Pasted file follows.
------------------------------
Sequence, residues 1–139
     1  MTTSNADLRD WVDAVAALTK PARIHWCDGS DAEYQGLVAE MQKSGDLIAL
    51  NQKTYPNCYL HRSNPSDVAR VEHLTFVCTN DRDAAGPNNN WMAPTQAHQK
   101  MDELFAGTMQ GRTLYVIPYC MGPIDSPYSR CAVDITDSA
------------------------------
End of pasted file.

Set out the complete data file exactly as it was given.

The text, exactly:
Sequence, residues 1–139
     1  MTTSNADLRD WVDAVAALTK PARIHWCDGS DAEYQGLVAE MQKSGDLIAL
    51  NQKTYPNCYL HRSNPSDVAR VEHLTFVCTN DRDAAGPNNN WMAPTQAHQK
   101  MDELFAGTMQ GRTLYVIPYC MGPIDSPYSR CAVDITDSA